Writer, director and actress Zoe Lister-Jones whose indie “Band Aid” also comes out June 2, said she doesn’t see the same amount of risk being taken on women as men to handle tent-pole and franchise films.
“That should be the focus of where we look at gender inequity in this industry for female directors,” she told The Associated Press earlier this year.
Experience is a Catch-22 for women. Lucasfilm chief Kathleen Kennedy got into hot water last year when she said that while finding a female director for a “Star Wars” film is a priority, they want to make sure that they’re set up for success. “You can’t come into them with essentially no experience,” Kennedy told Hollywood trade Variety.
Jenkins is “as stunned as anybody” that there have been so few — especially because she and many of her female peers regularly handle comparable budgets working in television.
“Alien” creator Ridley Scott says he’s convinced that there are aliens out there — and one day they could come for us.
The veteran director has said he believed in higher beings as he prepared to release the sixth episode of the sci-fi horror series, “Alien: Covenant”, next month.
“I believe in superior beings. I think it is certainly likely. An expert I was talking to at NASA said to me, ‘Have you ever looked in the sky at night? You mean to tell me we are it?’ That’s ridiculous.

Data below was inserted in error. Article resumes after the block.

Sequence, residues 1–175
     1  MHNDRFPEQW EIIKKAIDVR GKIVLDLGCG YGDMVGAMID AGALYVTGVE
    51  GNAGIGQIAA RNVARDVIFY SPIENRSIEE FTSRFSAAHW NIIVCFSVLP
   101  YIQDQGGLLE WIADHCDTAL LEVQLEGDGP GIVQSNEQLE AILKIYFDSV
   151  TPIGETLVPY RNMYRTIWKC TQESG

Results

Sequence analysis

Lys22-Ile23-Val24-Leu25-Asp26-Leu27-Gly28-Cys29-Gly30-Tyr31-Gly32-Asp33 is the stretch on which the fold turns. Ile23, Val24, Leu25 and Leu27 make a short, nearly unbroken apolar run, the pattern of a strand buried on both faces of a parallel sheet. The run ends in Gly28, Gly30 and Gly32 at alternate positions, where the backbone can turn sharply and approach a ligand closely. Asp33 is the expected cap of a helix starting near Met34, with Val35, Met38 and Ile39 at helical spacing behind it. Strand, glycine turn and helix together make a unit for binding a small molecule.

“The experts have now put a number on it having assessed what is out there. They say that there are between 100 and 200 entities that could be having a similar evolution to us right now.
“So when you see a big thing in the sky, run for it,” he joked.
“Because they are a lot smarter than we are, and if you are stupid enough to challenge them you will be taken out in three seconds.”
“Alien: Covenant”, the second of the prequel films, is set in 2104 on board a spaceship carrying 2,000 cryogenically frozen colonists to a distant planet when they chance upon an uncharted paradise.
But their voyage soon turns into a gory nightmare that makes “Alien’”s original “chestbuster” scene seem tame in comparison.
The “neomorph” aliens in the new film are based on the goblin shark “which has a jaw which hinges in two ways. It’s scary, hideous beyond belief actually,” Scott said.
The 79-year-old British-born director — who was also the brains behind “Blade Runner” — said he never tired of scaring people out of their skins.
“When I did the first ‘Alien’ I had to get a sense of responsibility because the reaction to the kitchen (“chestbuster”) scene with John Hurt was beyond anything I expected — and it was not good,” he told AFP.
“But the film was very successful because people are perverse.”
He said he could not believe the terror he had created when he went to see people watching the film.
“Everybody was half underneath the seat watching by the time you get to the kitchen scene. There was a woman underneath the seat with her husband holding her. I said this is not healthy.”
Scott, however, claimed that he was unshockable.
“Nothing scares me. I have a 9mm (pistol),” he said.
“If there is a problem I tend to close down into calm. When you walk in in the morning on a film and 600 people turn and all look at you, that is scary,” he said.
“Alien: Covenant” has a religious subtext, the director insisted.